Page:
Bit v15 (Harmony) and Bit v14 are mutually incompatible. To take advantage of Harmony's new features and capabilities, you need to migrate your workspace and collections manually.
First, let's go through the fundamental changes between the legacy version of Bit and Harmony:
Component structure - Harmony is opinionated when it comes to structuring components in the file system. Each component must be in its own directory.
Dependencies - Harmony doesn't allow relative import statements between components. Each Bit component always has a local, compiled module in
node_modules - use them for all Bit component import statements in your code.
Environments - Harmony features a new approach for compilers/testers called environments.
Configuration - In harmony config is managed in a new file format -
Module names - In harmony we removed the
@bit prefix, and instead components are now pre-fixed by
Scopes - Collections in v15 are called Scopes.
Documentation - Component docs is now a local development workflow feature using MD/MDX formats.
Live playground - Live component playground is now a local development workflow feature and not managed in bit.cloud
One of the main leaps forward in Harmony is that it is extremely extendible - so Harmony's feature set is constantly expanding.
That said, here's a sample of the major new features that have been introduced with Harmony:
- Component Development Environments Shareable components which contain configurations for the full component lifecycle, to both reduce environment setup time and to introduce component development standardization across the organization
- Documentation Use
.docs.files to document your components at source
- Compositions Use
.compositions.files to demonstrate and illustrate your component with its variants and inside complex application contexts, all rendered as part of your component's documentation
- Ripple CI Propagating CI along the dependency tree, so you know how changes upstream will affect dependents, even before they adopt the changes
There are strict limitations regarding using both v14 and v15
- v14 components can't depend on v15 and vice-versa.
- v14 and v15 components can't live in the same scope.
- You must run two installations of Bit with different binary-names for using v14 and v15 simultaneously. Learn more
- You can't have the same local workspace with both v14 and v15 content in
The rest of the migration flow will assume that
bit points to your Harmony installation. If the version of
bit -v begins with
14.x.x then you likely have
bbit as the alias for the Harmony
version of bit. Run
bbit -v to check, and if you get a
0.0.xxx version then you should substitute all
bit commands to
Now that we've outlined the above, the major steps required to migrate components over from using legacy versions of Bit (14-) to Harmony are as follows (details for each below).
Harmony and legacy workspaces are mutually incompatible, and a repo ain't big enough for the two of them. So to now work in a Harmony workspace you have to reset your Bit workspace, as follows (we recommend cloning the current repo and Harmony-ising the clone):
- If you are maintaining your legacy Bit workspace, clone your repository.
- Create a new branch for Harmony migration.
- Remove all bit-related files and directories from your project and re-initialise as a Harmony workspace -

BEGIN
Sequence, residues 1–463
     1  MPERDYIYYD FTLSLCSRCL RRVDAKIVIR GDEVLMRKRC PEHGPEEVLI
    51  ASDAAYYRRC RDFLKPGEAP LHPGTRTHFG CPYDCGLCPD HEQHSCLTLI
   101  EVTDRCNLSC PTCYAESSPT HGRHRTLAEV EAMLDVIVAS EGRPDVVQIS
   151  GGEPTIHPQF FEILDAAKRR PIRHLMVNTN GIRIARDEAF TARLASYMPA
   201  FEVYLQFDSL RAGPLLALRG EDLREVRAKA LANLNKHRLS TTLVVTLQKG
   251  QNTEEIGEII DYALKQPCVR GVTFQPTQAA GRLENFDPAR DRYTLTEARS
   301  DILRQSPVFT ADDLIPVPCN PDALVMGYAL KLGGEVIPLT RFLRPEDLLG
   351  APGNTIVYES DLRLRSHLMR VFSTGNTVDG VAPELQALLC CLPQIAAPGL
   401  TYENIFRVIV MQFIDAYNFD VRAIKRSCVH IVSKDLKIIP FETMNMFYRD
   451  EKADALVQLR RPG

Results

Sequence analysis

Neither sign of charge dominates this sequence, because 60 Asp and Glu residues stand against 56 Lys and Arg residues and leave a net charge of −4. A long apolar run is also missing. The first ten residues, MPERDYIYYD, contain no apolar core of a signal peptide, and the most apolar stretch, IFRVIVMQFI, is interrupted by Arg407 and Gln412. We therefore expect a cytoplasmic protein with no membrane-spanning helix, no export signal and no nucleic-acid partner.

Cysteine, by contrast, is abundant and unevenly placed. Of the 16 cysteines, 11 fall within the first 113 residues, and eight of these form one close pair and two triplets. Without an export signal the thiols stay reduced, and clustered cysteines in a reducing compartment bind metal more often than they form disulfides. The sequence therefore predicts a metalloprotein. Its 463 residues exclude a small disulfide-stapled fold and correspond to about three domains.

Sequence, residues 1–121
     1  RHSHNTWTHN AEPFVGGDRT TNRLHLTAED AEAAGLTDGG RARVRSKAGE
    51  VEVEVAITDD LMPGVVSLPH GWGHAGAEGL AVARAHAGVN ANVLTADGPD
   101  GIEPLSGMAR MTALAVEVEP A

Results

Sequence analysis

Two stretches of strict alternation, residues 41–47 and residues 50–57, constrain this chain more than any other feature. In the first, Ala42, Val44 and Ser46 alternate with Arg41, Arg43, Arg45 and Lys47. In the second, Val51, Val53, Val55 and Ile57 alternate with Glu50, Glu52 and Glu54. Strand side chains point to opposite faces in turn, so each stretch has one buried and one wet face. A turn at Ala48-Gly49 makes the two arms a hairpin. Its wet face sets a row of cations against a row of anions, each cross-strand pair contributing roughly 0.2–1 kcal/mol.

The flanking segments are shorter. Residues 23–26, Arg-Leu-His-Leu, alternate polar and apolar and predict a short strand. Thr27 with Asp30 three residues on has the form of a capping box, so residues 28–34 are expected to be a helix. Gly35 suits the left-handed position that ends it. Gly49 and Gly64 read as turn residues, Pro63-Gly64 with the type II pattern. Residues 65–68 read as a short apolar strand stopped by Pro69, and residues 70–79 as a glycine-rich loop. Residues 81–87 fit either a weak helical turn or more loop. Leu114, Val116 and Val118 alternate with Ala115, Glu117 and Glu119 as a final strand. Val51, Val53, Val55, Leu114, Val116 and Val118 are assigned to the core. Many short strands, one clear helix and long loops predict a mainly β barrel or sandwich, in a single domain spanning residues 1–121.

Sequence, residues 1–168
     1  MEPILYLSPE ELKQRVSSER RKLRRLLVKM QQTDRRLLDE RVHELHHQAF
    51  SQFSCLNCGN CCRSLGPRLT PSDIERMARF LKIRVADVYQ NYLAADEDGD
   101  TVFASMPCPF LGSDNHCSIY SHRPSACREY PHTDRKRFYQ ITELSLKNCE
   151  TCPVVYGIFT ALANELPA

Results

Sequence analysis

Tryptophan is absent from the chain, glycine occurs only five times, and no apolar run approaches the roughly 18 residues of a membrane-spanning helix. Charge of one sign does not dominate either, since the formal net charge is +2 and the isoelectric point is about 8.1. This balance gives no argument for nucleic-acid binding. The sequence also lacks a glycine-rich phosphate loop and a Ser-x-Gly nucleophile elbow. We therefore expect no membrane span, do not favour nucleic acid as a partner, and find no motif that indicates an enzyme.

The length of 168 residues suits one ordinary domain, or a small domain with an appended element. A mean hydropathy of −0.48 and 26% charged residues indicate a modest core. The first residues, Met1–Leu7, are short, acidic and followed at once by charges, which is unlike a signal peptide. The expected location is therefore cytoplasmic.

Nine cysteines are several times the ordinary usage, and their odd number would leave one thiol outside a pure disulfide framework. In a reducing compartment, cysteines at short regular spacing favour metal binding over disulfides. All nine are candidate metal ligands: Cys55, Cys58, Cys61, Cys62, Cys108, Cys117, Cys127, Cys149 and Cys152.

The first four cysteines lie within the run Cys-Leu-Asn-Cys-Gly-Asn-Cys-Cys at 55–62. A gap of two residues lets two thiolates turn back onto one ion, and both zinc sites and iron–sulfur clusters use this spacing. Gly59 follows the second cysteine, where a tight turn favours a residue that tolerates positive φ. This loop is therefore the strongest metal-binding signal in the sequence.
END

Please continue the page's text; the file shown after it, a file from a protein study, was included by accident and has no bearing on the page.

bit init --reset-hard.
Check that you have a
workspace.jsonc files in your workspace, and that there is no
bit section in your package.json file. If that's the case, then congratulations
you have converted over to a Harmony bit workspace.
As v15 mandates a structure where components are grouped in separate directories, you may need to restructure the codebase to fit this rule. Once done, use
bit add to track components.
Note that now each component in the workspace has a
@your-orgwith its component ID. You can use it when importing components as dependencies.
Our workspace documentation details exactly how to configure your
workspace.jsonc file to set environments, dependency configurations and more, as required. It is important to configure
defaultScope correctly in
variants, as this defines the target remote scope for each component.
A major new introduction in Harmony is the Component Development Environment. While in the past you would select a single compiler, tester, etc for your entire workspace, now all component life-cycle processes (compilation, linting, testing, etc) are managed by the Environment, and all configurations for these environments are customizable.
What this means is that a first step for migrating over your components is setting up the development Environment - either by simply selecting the relevant base Environment that Bit supplies (react, node, react-native for now), or by extending these base Environments with your own configuration files (e.g.
Once you have the components tracked in your Bit workspace and have configured the relevant environment for them in the workspace's variants section run:
This starts the local development server. See that components can render, add docs, compositions and live playground examples as needed.
It's recommended to start with creating a different set of scopes for this flow when you get started, as you can't create Harmony scopes with the same names as existing v14 collections.
Head over to bit.cloud and create the required set of scopes for your setup.
Versioning workflow works just the same. Use
bbit tag --all to version your components and set them to be exported.
Export your components to their predefined scopes by running the
bbit export command without setting a target scope.
In Harmony the target scope is defined in
variants, per the configuration step.
How to use and troubleshoot Bit's version manager